“EY does not seem like they want to explain what happened when that’s the very least they could do,” Zou said. “It was our money, after all.”
Creditors are not even necessarily looking for compensation for the lost bitcoin – just an explanation of how the goof occurred, he said.
Mousavi added that it looks as if the creditor committee – a group of seven individuals appointed to guide the law firm’s work – cannot direct EY on its investigation, or tell the firm which potential lines of inquiry it should prioritize.
“It appears that whatever Gerald didn’t manage to steal, EY and MT are stealing,” Mousavi said, adding:
“This might not be true but when you hide the details and charge us millions that’s how it feels.”
“Millions” may be a slight exaggeration of the two firms’ revenues from the case – for now.
So far, EY has recovered about $25 million ($33 million CAD), with a judge awarding $1.6 million in fees and costs to all the firms involved in the case. EY is looking to raise up to another $9 million ($12 million CAD) by selling assets from Cotten’s estate (including luxury vehicles, a boat, a personal aircraft and 16 Nova Scotia properties) that EY claims were bought with customer funds.
The $1.6 million in fees are part of the restructuring process Quadriga entered in January. But the exchange is now unwinding as part of a bankruptcy process. This means EY, Miller Thomson and other firms will have additional fees at some future date.
Creditors looking to recoup funds have until Aug. 31 to file claims with Miller Thomson and EY.
Staying on message
In a public Telegram group for Quadriga creditors, Miller Thomson partner Asim Iqbal repeated the line that “it was a platform-setting error” that caused the 103 bitcoin to be accidentally transferred to the inaccessible wallets.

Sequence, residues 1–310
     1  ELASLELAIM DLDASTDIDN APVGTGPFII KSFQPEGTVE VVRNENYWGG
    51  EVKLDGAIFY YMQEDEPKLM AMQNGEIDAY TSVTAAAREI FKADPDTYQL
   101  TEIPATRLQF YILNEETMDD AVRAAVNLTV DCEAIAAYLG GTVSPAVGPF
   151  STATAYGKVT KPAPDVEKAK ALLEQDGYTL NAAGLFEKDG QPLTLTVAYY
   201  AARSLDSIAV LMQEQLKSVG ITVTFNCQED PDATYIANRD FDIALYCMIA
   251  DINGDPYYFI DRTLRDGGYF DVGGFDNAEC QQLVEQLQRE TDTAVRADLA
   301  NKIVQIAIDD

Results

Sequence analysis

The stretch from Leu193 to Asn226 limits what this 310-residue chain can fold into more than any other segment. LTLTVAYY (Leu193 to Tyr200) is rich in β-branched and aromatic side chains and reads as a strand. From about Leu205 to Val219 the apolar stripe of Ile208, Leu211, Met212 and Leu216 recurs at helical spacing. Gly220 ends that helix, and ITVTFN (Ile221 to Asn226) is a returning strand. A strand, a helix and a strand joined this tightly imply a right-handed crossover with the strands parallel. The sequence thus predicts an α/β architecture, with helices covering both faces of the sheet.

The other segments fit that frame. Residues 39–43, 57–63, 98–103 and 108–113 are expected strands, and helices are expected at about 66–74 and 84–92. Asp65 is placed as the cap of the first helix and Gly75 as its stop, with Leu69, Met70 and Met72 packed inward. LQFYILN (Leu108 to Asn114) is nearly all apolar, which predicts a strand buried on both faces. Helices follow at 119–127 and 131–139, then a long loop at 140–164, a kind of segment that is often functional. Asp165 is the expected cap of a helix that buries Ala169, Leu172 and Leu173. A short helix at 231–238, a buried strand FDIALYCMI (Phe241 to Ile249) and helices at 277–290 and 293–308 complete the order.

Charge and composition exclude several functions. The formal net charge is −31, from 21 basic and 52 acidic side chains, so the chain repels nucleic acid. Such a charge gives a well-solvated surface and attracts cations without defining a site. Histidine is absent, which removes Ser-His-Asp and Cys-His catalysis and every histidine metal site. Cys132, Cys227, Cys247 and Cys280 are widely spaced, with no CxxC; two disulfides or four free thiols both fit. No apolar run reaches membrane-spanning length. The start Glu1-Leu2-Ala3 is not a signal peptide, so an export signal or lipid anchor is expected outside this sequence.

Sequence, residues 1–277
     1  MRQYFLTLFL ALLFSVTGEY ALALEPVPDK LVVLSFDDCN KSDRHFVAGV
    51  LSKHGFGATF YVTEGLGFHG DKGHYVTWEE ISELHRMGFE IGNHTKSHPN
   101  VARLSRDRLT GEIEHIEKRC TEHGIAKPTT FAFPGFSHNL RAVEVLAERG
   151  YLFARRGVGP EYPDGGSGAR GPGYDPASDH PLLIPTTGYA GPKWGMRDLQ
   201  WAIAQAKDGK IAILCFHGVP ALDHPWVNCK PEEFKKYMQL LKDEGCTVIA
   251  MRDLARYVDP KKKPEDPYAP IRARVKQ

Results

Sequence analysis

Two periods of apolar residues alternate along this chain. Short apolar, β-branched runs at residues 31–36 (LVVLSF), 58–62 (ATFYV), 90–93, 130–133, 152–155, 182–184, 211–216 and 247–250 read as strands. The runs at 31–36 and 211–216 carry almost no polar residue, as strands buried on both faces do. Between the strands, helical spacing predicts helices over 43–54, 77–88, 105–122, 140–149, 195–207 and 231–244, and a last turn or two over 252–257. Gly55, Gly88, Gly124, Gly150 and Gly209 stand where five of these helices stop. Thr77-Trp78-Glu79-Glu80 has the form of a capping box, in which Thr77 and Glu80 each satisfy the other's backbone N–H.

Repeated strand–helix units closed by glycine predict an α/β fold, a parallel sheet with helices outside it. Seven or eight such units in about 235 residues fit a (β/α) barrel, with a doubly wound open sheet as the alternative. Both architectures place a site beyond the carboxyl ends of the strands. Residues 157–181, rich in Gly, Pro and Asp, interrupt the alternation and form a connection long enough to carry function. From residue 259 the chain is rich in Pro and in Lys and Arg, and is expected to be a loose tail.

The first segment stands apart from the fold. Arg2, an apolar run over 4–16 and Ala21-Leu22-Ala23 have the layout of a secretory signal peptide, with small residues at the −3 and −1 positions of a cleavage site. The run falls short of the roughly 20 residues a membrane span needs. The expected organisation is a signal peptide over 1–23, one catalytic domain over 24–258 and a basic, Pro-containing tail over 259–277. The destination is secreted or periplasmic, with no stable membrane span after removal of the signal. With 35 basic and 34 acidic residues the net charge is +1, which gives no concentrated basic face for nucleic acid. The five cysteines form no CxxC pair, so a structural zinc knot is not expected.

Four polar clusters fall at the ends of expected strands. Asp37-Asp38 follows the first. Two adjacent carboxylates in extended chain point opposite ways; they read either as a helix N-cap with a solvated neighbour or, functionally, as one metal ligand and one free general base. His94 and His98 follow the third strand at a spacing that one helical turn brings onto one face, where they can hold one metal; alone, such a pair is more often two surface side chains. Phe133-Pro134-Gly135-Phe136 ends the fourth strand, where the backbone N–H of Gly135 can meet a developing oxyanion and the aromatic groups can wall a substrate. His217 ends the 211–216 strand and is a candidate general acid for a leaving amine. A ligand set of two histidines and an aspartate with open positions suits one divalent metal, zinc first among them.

Iqbal provided little in the way of additional detail, citing non-disclosure agreements (NDAs) and other confidentiality concerns.
“We have provided the detail we are able to provide based on the NDAs and court orders the committee’s and our ability to delve into further details,” he told the Telegram group.
The identity of the individual responsible for the slip-up, referred to as the “Quadriga Representative” by Iqbal, won’t be disclosed, he said. (One of the previous reports by Miller Thomson indicated that an individual associated with Quadriga was responsible.)
Iqbal pointed to a public statement by the creditor committee on why Miller Thomson won’t be pursuing any further information or action on the missing bitcoin.
He told the Telegram group:
“This issue has been addressed by the committee and a statement has been released explaining the rationale for the decision. The funds remain where they were inadvertently transferred. EY has cold wallets for the balance of the funds, which was also disclosed in the second report.”
The statement, attributed to the committee (but posted on Miller Thomson’s website), does not address how or why the bitcoin was transferred, instead only saying “it is not in the best interests of affected users” to pursue any claims related to the matter.
One creditor in the Telegram group asked Iqbal to “please provide us with some reading or context on how we can replace representative counsel.”
Iqbal would not do so, saying in the chat: “We take instruction from the official committee.”
While he would not comment for this article, Iqbal acknowledged the creditors’ concerns Thursday.
“It’s hard to defend myself in a public forum like this. I can understand if some users are frustrated and wish to vent those frustrations here. It’s not appropriate for me to engage on those criticisms. I’d appreciate if you left committee members out of it. They volunteer their time to do the best they can and deserve appreciation.”